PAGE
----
Durban - In an about-turn, the KwaZulu-Natal provincial government, along with eThekwini Municipality, will no longer host the South African Music Awards (Samas) in Durban.
This comes after opposition political parties raised their concerns about the millions of rand that were to be spent on the event that they said could be used for other important programmes. They put the figure at a cumulative R53 million which was denied by the provincial government.
Speaking during a press briefing yesterday, KZN Economic Development, Tourism and Environmental Affairs (Edtea) MEC Siboniso Duma announced that the department had withdrawn from hosting the awards this year in the “interest of maintaining fiscal discipline”.
The 29th annual national awards ceremony was scheduled to take place at the Durban ICC next month. KZN beat the other provinces in the bid to host the event.
“As an executive authority, having consulted widely with the executive council and other stakeholders, I have advised the department to stop the hosting of the South African Music Awards this year,” Duma said.
Duma said senior management had been mandated to engage with the Recording Industry of South Africa (Risa) and report back to him as the executive authority.
“We will also report to the KZN Executive Council as the hosting of the Sama awards was a collective decision.
“We reiterate the point that our hearts are with artists whose lives were destroyed by the outbreak of Covid-19. The Sama Awards was their hope and source of income before the festive season,” he said.
The MEC also said the funds that had been confirmed by KZN Treasury and Edtea for the event were about R20m before VAT, with the expectation that more than R350m would be generated for the local economy.
In addition, eThekwini Municipality committed another R25m towards the event, with an estimated R63m injection into the City’s GDP.
Nhlanhla Sibisi, the CEO of Risa, which is the organiser of the Samas, said they learnt with great disappointment “of the eleventh-hour decision” by the department to withdraw from the event.
“We have a three-year contract with Edtea and will be consulting with our contractual partners to find out what led to this decision and carve a way forward. As such, we will advise in due course what the next steps will be,” he said.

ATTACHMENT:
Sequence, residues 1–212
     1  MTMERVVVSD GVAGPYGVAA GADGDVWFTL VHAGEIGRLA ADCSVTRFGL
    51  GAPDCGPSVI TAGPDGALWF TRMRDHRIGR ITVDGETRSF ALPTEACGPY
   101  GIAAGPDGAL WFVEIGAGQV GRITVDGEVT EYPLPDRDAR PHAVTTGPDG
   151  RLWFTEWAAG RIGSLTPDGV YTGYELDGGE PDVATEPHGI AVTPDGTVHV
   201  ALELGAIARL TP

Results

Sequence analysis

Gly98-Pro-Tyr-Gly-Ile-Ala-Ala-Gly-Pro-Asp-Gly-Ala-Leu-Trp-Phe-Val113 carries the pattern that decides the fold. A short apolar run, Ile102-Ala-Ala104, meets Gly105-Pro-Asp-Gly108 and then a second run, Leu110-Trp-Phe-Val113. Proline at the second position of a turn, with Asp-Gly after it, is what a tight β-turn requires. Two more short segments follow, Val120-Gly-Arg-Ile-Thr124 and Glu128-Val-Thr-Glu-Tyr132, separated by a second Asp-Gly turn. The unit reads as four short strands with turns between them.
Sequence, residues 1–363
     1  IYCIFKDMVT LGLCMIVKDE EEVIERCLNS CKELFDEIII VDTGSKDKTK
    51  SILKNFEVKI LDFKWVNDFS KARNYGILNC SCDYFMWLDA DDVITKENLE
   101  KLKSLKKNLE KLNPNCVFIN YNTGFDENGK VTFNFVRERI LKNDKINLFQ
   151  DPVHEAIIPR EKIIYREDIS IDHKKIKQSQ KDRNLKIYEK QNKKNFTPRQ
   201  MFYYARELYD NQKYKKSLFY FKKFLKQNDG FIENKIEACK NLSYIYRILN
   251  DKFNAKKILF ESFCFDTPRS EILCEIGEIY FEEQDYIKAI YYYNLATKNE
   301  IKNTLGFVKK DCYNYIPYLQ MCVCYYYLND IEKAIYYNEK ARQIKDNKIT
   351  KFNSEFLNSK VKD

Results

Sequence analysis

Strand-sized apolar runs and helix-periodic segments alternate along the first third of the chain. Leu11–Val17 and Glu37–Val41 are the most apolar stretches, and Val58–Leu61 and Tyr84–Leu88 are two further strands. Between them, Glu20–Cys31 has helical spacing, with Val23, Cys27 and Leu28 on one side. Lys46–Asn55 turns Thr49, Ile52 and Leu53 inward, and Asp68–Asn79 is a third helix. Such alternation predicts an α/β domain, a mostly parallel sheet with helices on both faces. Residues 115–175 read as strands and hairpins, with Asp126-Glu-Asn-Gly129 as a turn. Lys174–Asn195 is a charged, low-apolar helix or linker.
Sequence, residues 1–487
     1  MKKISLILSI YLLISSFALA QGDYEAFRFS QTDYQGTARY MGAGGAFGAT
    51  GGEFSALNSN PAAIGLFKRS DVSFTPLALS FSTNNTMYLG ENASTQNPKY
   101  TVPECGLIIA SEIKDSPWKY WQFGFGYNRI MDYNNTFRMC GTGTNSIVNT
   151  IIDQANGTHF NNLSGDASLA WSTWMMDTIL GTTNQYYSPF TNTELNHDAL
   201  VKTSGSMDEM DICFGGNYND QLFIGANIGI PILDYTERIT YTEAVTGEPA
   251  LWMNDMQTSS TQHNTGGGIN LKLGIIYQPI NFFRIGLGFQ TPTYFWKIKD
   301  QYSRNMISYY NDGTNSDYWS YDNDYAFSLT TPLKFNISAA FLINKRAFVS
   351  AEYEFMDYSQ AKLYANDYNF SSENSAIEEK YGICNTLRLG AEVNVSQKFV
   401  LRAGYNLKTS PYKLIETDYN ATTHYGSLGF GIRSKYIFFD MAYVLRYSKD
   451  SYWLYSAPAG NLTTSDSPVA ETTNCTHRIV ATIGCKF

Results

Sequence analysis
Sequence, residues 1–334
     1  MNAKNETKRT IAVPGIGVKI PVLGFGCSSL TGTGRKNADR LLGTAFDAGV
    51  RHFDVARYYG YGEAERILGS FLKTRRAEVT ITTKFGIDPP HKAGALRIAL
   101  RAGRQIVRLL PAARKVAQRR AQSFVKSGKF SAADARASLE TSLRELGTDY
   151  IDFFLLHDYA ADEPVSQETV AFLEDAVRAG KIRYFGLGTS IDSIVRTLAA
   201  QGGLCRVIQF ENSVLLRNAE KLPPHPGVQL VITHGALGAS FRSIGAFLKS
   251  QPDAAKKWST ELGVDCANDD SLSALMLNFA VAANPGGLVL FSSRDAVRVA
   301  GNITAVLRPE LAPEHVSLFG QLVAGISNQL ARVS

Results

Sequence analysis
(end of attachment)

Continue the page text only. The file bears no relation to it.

He said the Samas remained the largest, most prestigious, inclusive and representative music awards event in the country’s music landscape that attracted considerable attention as well as market-leading viewership among televised music awards shows across the continent.
“We note with dismay that a prestigious, credible and apolitical national cultural asset that has been in operation for 29 uninterrupted years, has been characterised as a conduit for looting. This is an assertion that we as Risa strongly rebuke,” said Sibisi.
Sibisi added that the economic benefits of hosting the awards would have included directly creating more than 150 new job opportunities and would have seen the booking of 350 rooms per night across hotels and other accommodation.
Political parties, including ActionSA, the IFP and the DA, all welcomed the decision.
ActionSA’s Zwakele Mncwango thanked the MEC for heeding the party’s calls after it had sounded the alarm earlier this month.
“Edtea’s focus and resources could find better expression in addressing the urgent economic challenges affecting the province, especially among the youth,” he said.
Mncwango said ActionSA had raised the inappropriate nature of the multimillion-rand spending by the cash-strapped KZN provincial government and eThekwini Municipality.
“This commitment was made despite the decrepit state of infrastructure and the ongoing recovery efforts in a province still grappling with the devastating aftermath of the July 2021 riots and the April 2022 floods,” said Mncwango.
IFP MPL Otto Kunene said the event would have been a costly exercise, especially as they were initially informed that R8m had been budgeted for the awards.
“Spending (such an amount) was insensitive to the plight of the people of the province who are facing difficult challenges with the disaster that happened last year, and the storm that we experienced last week. The priorities of the government were not aligned to the needs of the people,” he said.
According to KZN DA leader Francois Rodgers, the party had said from the beginning that the money was never budgeted for by the department, and it seemed excessively expensive.
“We’ve always said that artists need to be appreciated, acknowledged and rewarded for their good work, but the bottom line is why does Edtea not get corporate sponsorship to sponsor these events rather than using money out of the provincial fiscus? We were already in a tight situation,” he said.
The Trade Union for Musicians of South Africa said its national executive committee had decided not to issue a statement until the union had had an opportunity to engage with the relevant parties.